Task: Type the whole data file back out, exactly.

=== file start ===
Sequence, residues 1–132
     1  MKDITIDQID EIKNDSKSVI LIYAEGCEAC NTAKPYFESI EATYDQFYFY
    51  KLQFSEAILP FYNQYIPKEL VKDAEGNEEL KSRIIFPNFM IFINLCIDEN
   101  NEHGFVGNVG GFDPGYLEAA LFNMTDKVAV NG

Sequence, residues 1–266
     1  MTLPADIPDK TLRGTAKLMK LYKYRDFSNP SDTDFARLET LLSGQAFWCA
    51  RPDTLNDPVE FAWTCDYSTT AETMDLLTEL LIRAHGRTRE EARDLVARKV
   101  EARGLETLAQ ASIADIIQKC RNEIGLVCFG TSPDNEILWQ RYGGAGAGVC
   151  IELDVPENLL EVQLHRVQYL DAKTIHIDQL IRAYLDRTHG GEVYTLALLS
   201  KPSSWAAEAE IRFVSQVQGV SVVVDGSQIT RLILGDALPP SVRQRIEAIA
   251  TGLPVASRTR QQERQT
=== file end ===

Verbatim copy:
Sequence, residues 1–132
     1  MKDITIDQID EIKNDSKSVI LIYAEGCEAC NTAKPYFESI EATYDQFYFY
    51  KLQFSEAILP FYNQYIPKEL VKDAEGNEEL KSRIIFPNFM IFINLCIDEN
   101  NEHGFVGNVG GFDPGYLEAA LFNMTDKVAV NG

Sequence, residues 1–266
     1  MTLPADIPDK TLRGTAKLMK LYKYRDFSNP SDTDFARLET LLSGQAFWCA
    51  RPDTLNDPVE FAWTCDYSTT AETMDLLTEL LIRAHGRTRE EARDLVARKV
   101  EARGLETLAQ ASIADIIQKC RNEIGLVCFG TSPDNEILWQ RYGGAGAGVC
   151  IELDVPENLL EVQLHRVQYL DAKTIHIDQL IRAYLDRTHG GEVYTLALLS
   201  KPSSWAAEAE IRFVSQVQGV SVVVDGSQIT RLILGDALPP SVRQRIEAIA
   251  TGLPVASRTR QQERQT